- Xu J, Somieski B, Hulett LD, Pint BA, Tortorelli PF, Suzuki R, Ohdaira T: Microdefects in Al2O3 films and interfaces revealed by positron lifetime spectroscopy. Appl Phys Lett 1997, 71(21):3165–3167. 10.1063/1.120278View ArticleGoogle Scholar
- Uedono A, Kiyohara M, Yasui N, Yamabe K: Suppression of oxygen diffusion by thin Al2O3films grown on SrTiO3 studied using a monoenergetic positron beam. J Appl Phys 2005, 97(3):033508. 10.1063/1.1836010View ArticleGoogle Scholar
- Muthe KP, Sudarshan K, Pujari PK, Kulkarni MS, Rawat NS, Bhatt BC, Gupta SK: Positron annihilation and thermoluminescence studies of thermally induced defects in α-Al2O3 single crystals. J Phys D Appl Phys 2009, 42: 105405. 10.1088/0022-3727/42/10/105405View ArticleGoogle Scholar
- Somieski B, Hulett LD, Xu J, Pint BA, Tortorelli PF, Nielsen B, Asoka-Kumar P, Suzuki R, Ohdaira T: Microstructure of thermally grown and deposited alumina films probed with positrons. Phys Rev B 1999, 59(10):6675. 10.1103/PhysRevB.59.6675View ArticleGoogle Scholar
- Vermang B, Goverde H, Lorenz A, Uruena A, Vereecke G, Meersschaut J, Cornagliotti E, Rothschild A, John J, Poortmans J, Mertens R: On the blistering of atomic layer deposited Al2O3 as Si surface passivation. In Photovoltaic Specialists Conference (PVSC), June 19–24 2011 37th IEEE. Seattle: IEEE; 2011:003562–003567.View ArticleGoogle Scholar
- Dingemans G, Einsele F, Beyer W, van de Sanden MCM, Kessels WMM: Influence of annealing and Al2O3 properties on the hydrogen-induced passivation of the Si/SiO2interface. J Appl Phys 2012, 111(9):093713. 10.1063/1.4709729View ArticleGoogle Scholar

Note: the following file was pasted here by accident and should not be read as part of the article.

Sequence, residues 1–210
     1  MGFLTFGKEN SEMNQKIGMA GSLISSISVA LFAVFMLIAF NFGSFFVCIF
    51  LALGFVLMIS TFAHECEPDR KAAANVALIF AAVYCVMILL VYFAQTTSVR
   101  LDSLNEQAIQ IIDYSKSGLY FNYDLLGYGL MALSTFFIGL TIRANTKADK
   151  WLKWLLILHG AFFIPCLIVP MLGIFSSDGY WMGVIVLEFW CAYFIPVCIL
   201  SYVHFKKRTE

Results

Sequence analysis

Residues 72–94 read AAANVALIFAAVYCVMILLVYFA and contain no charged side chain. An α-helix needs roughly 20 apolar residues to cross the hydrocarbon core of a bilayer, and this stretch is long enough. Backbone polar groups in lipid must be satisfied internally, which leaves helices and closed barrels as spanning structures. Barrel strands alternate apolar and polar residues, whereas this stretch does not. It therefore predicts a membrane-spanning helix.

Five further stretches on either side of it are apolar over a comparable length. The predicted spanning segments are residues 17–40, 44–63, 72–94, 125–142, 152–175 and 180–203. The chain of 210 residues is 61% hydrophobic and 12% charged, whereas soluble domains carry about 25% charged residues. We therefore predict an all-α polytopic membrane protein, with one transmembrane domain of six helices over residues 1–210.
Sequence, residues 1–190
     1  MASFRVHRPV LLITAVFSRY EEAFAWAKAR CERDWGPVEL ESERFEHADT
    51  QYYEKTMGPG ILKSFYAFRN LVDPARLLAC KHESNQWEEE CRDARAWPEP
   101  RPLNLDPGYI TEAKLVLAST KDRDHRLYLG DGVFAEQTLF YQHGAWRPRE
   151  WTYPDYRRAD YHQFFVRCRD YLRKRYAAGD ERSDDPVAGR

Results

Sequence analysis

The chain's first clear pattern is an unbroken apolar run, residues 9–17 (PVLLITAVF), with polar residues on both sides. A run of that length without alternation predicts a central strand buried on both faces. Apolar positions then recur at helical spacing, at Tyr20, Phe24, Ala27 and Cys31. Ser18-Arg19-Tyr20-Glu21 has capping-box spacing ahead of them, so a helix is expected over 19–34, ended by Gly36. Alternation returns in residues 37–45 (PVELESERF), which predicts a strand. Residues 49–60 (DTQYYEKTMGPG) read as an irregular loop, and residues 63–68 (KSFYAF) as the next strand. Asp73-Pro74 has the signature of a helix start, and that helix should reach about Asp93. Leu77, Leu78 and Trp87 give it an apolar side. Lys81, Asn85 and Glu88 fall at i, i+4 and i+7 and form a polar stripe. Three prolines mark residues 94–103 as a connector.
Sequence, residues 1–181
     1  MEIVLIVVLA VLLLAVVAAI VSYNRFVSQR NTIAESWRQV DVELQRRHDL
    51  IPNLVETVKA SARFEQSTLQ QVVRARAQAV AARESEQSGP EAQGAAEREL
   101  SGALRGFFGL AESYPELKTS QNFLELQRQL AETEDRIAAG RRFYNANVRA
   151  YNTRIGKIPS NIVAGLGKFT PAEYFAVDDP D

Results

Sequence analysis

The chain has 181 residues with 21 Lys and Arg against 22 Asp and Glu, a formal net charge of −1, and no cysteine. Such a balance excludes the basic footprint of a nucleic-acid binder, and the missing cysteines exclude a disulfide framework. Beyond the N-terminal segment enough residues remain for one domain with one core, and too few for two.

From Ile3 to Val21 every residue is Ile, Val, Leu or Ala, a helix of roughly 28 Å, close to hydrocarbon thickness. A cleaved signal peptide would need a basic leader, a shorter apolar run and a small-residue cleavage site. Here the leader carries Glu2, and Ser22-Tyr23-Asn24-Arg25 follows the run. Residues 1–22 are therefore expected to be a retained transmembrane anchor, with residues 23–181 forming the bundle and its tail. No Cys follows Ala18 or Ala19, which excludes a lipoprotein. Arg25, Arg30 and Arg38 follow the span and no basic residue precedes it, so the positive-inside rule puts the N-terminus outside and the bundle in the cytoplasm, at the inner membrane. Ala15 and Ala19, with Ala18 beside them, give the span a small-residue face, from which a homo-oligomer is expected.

- Chang H, Choi Y, Kong K, Ryu BH: Atomic and electronic structures of amorphous Al2O3. Chem Phys Lett 2004, 391(4–6):293–296.View ArticleGoogle Scholar
- Perevalov TV, Tereshenko OE, Gritsenko VA, Pustovarov VA, Yelisseyev AP, Park C, Han JH, Lee C: Oxygen deficiency defects in amorphous Al2O3. J Appl Phys 2010, 108(1):013501. 10.1063/1.3455843View ArticleGoogle Scholar
- Takahashi N, Mizoguchi T, Tohei T, Nakamura K, Nakagawa T, Shibata N, Yamamoto T, Ikuhara Y: First principles calculations of vacancy formation energies in Σ13 pyramidal twin grain boundary of α-Al2O3. Mater Trans 2009, 50(5):1019–1022. 10.2320/matertrans.MC200825View ArticleGoogle Scholar
- Li TTA, Ruffell S, Tucci M, Mansoulié Y, Samundsett C, De Iullis S, Serenelli L, Cuevas A: Influence of oxygen on the sputtering of aluminum oxide for the surface passivation of crystalline silicon. Sol Energ Mater Sol Cell 2011, 95(1):69–72. 10.1016/j.solmat.2010.03.034View ArticleGoogle Scholar
- Dou YN, He Y, Huang CY, Zhou CL, Ma XG, Chen R, Chu JH: Role of surface fixed charge in the surface passivation of thermal atomic layer deposited Al2O3 on crystalline-Si. Appl Phys A Mater Sci Process 2012, 109(3):673–677. 10.1007/s00339-012-7097-xView ArticleGoogle Scholar
- Yu RS, Ito K, Hirata K, Sato K, Zheng W, Kobayashi Y: Positron annihilation study of defects and Si nanoprecipitation in sputter-deposited silicon oxide films. Chem Phys Lett 2003, 379(3):359–363.View ArticleGoogle Scholar
- Matsunaga K, Tanaka T, Yamamoto T, Ikuhara Y: First-principles calculations of intrinsic defects in Al2O3. Phys Rev B 2003, 68(8):085110.View ArticleGoogle Scholar
- Peacock P, Robertson J: Behavior of hydrogen in high dielectric constant oxide gate insulators. Appl Phys Lett 2003, 83(10):2025–2027. 10.1063/1.1609245View ArticleGoogle Scholar
This article is published under license to BioMed Central Ltd. This is an Open Access article distributed under the terms of the Creative Commons Attribution License (http://creativecommons.org/licenses/by/2.0), which permits unrestricted use, distribution, and reproduction in any medium, provided the original work is properly cited.